How the Shipping Sector Prepares as IMO 2020 Deadline Nears

Nelson CabreraGeneral, News, Ocean FreightLeave a Comment

Freight ship sailing

The International Maritime Organization (IMO) is initiating a low sulfur mandate for 2020. As the mandate gets closer, it brings with it significant changes to the container shipping industry. It’s essential to review what shipping knows and doesn’t know as that deadline draws nearer.

Low sulfur mandate

This mandate was adopted in October of 2016, providing refiners, stakeholders, and ship owners just over three years to begin implementing changes so that they meet the sulfur emissions cap for fuels, which was at 3.5%, but as of 2020, will be at 0.5%.

Steps carriers have made with VLSFO

Indications tell us that most of the low sulfur fuel oil supplies are sufficient at most major ports. Major ports like Rotterdam and Singapore have reported compliance on large volumes of available fuel. Refiners are going to have to maximize their production to hit the estimated mark required of 1.4 million barrels per day over the next year.

Carriers have already taken steps to secure compliant fuel long before this deadline approaches.

What prices reveal

The problem lies with the prices. Even though there is a large amount of floating storage on tankers, upwards of 80 million metric tons, the shipping industry doesn’t yet know how much of the reported 80 million mt will be available to the broader market.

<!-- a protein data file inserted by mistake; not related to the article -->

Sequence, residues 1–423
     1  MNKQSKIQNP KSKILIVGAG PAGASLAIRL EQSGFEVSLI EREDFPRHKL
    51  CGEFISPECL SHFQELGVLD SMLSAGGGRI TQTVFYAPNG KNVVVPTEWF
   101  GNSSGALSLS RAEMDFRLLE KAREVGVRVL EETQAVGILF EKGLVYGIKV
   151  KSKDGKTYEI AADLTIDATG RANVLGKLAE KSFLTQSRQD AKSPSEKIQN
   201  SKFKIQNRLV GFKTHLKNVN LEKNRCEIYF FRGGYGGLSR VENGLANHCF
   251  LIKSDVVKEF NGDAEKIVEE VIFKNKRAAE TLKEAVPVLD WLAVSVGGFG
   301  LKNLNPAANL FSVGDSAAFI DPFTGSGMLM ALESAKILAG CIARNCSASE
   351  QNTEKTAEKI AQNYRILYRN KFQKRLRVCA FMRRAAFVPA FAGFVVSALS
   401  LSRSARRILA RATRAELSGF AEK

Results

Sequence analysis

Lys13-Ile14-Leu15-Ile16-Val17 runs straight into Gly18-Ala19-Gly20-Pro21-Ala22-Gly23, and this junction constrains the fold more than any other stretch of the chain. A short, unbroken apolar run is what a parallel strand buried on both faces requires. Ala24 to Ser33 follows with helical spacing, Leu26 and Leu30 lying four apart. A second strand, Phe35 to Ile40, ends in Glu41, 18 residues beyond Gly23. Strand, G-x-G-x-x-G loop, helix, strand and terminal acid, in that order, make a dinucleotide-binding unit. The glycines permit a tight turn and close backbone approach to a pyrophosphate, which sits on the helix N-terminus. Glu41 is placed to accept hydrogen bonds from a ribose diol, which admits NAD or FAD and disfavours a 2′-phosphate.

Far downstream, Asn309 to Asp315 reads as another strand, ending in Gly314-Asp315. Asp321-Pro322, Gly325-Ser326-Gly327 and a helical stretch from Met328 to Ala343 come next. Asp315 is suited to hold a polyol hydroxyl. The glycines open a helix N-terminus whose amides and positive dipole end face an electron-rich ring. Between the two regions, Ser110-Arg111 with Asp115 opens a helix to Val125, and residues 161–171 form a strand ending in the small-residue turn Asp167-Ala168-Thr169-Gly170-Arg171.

The problem again is that prices don’t support the oppinion that there is enough fuel for everyone. Right now, the discount for marine gas oil had reached $13 per metric ton when it was $45 per metric ton back in October. Likely, the floating storage mentioned above is not compliant, has varied origins, and that not all of the projected volume will be made available to the market.

It’s also likely that suppliers are currently in negotiations with bunker buyers, which means that this otherwise theoretically available volume could disappear quietly and confidentially through private trade. At that point, the remaining bunker buyers won’t be able to find fuel, sending prices even higher. There are also concerns about smaller ports along with secondary as well as tertiary trade routes that won’t have a high enough quantity of compliant supply.


There is a big spread between VLSFO and HSFO, high sulfur fuel oil, at some of the most prominent ports around the world. Right now, the range between the two is approximately $250/mt and $300/mt. In mid-December, in Singapore, this amount was $303/mt, $277/mt in Rotterdam at the same time, and $256/mt in Houston. The spread has increased over late November and December 2019. In Rotterdam, for example, the rate has increased by $53/mt because of the collapse of high sulfur indications and the demand for low sulfur fuel.

Price spread between low-and high-sulfur fuels

Source: Argus Media

By the end of the first quarter in 2020, this spread will likely reach levels between $425 and $450. To meet this new mandate, whether shippers use scrubbers or burn low sulfur fuel; it’s going to add costs to the shipping container industry of 10 – 15 billion dollars.